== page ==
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Toyota Gives You Six Tips to Prepare a Vehicle for an Emergency

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No one expects to be in an emergency scenario, especially when behind the wheel. But emergencies can happen anytime, anywhere — so it’s best to be prepared.

When it comes to the unexpected like floods or hurricanes, medical issues and accidents, there are a few things drivers can do to stay ready.

Below are six tips to help drivers prepare their vehicles in case of an emergency situation:

Vehicles Need Checkups, Too

To help prepare for an efficient and safer journey on the road, it’s advised that drivers keep their vehicles in the best possible condition. This means making it a daily habit to inspect for physical damage before getting behind the wheel, and testing tire pressure and transmission fluid once a month.

Additionally, some inspections should be left to the professionals. It’s good to have a certified mechanic check the following annually: antifreeze levels, battery ignition systems, brakes, exhaust systems, fuel and air filters, lights and flashing hazard lights, oil, the thermostat and windshield wiper equipment.


Toyota Financial Services (TFS) offers maintenance plans and a variety of products to help keep drivers covered down the road. Visit to learn more about maintenance plans, tire and wheel protection and other options. Also, check out this article from TFS for tips and helpful info about when natural disasters strike.

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Never Forget About Gas

After a long day, it can be tempting to bypass the pump and push off getting gas until the next day. Instead, consider always keeping the gas tank at least halfway full. According to emergency preparedness experts, during an unexpected event like a natural disaster, an entire region can be trying to evacuate the same area at once, increasing the chances of a gas shortage or high prices. With half a tank of gas, drivers can get going right away and fuel up later down the road.

Another thing to consider: Carry cash. According to disaster relief organization SBP, cash is king during an emergency. In times of disaster, cash may be the only currency readily accepted at gas stations or while gathering other last-minute provisions.

Build an On-the-Go Emergency Supply Kit

Since drivers will never know what might come in handy during a breakdown, why not keep an emergency supply kit ready to go in the vehicle? A fully stocked kit could be a big help when something unexpected occurs, no matter if drivers are on a big road trip or just commuting to work.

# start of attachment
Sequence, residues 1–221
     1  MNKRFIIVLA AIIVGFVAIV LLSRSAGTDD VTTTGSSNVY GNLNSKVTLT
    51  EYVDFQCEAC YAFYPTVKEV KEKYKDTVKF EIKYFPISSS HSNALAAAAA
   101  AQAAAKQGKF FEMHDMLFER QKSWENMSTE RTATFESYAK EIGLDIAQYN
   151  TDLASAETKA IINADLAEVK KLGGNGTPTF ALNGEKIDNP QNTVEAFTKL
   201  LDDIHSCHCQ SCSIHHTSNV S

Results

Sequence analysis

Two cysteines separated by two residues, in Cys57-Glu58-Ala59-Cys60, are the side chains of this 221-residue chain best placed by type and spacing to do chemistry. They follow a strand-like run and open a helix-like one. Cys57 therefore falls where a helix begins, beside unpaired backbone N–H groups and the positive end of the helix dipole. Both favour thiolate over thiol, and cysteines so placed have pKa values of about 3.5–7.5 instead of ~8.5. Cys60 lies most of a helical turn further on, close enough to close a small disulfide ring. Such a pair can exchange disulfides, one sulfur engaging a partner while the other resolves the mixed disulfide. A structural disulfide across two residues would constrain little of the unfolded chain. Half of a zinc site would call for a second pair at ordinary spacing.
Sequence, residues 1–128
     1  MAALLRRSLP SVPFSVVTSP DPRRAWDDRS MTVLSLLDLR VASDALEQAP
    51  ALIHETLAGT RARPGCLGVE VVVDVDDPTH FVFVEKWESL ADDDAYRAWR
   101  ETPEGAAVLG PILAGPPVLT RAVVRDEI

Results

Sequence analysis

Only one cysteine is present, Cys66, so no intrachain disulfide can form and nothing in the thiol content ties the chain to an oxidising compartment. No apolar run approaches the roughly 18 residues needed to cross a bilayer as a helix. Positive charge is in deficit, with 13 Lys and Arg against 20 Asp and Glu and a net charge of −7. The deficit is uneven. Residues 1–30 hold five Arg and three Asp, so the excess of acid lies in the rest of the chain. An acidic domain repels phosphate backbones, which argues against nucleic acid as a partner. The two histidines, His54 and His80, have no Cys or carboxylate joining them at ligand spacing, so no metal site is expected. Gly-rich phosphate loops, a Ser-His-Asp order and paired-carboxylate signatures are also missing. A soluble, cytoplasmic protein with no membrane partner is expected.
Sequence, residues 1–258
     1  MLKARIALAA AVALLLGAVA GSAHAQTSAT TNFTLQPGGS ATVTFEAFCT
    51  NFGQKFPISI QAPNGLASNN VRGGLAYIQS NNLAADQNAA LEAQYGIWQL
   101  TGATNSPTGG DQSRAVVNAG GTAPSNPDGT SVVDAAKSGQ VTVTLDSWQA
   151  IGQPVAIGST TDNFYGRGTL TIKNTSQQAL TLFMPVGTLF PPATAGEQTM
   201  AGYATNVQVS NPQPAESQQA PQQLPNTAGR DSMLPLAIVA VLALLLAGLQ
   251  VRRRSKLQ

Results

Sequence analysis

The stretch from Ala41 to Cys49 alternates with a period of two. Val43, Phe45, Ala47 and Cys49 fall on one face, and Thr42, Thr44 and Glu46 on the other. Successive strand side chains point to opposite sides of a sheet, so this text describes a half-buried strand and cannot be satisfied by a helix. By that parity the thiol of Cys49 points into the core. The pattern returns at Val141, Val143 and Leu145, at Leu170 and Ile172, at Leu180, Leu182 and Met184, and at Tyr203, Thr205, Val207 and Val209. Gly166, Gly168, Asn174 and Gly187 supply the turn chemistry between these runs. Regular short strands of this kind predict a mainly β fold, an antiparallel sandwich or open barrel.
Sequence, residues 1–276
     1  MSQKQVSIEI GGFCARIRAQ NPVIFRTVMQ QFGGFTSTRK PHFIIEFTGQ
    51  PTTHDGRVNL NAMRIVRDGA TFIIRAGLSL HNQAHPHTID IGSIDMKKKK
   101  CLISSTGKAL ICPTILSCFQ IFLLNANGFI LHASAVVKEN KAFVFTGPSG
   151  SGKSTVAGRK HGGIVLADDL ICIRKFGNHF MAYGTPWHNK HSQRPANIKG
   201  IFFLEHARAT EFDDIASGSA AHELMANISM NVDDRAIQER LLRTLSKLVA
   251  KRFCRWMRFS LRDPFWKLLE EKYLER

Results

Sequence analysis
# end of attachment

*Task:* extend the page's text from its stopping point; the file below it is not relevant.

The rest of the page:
Here are some things to consider including: first aid kit, jumper cables, spare tire, floor jacks, tow cables, traction devices, emergency navigation gear or map, compass, flashlight and batteries, reflective emergency triangles, multi-tool device and a shovel. Don’t forget to review what’s in the kit about every six months to check for missing or broken items or anything past the expiration date. 

An Escape Tool Can Help Save Lives

Automotive escape tools are always a good thing to keep in the vehicle. These multifunctional tools can be used to cut through seat belts and break the glass of windows from inside the vehicle. This can be helpful if a person gets stuck in a vehicle or if the vehicle falls into a body of water.

The best place to keep this type of tool is in the center console or glove compartment for easy access. Inform all possible drivers of a vehicle — and the passengers —where this tool is, just in case.

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Anyone Out There?

In an emergency, being able to reach out for help is critical. Travel with a cell phone — and don’t forget the charger! Keep in mind, however, that during a large-scale disaster, cellular networks will most likely be inaccessible. This means it may be helpful to own a ham radio, or if affordable, a satellite phone.

Another tip from SBP: Write out a contact list. With cellular networks potentially down during a disaster, drivers may not be able to rely on their phone’s contact app. It’s also a good idea to back up important documents to a cloud service and to consider writing down the name and number of a good towing company.

Watch the Weather

When preparing a vehicle to stay ready for a disaster, keep the seasons in mind. During a breakdown, a vehicle’s heating or air conditioning system will most likely not work. If there’s a long wait for a tow truck, keeping passengers warm or cool may become a priority.

After assembling an emergency kit, consider adding additional items like a change of clothes, water, nonperishable foods and blankets. In cold weather, make sure to have an ice scraper or snow brush, extra washer fluid and a small bag of cat litter or sand to create better tire traction in slippery conditions.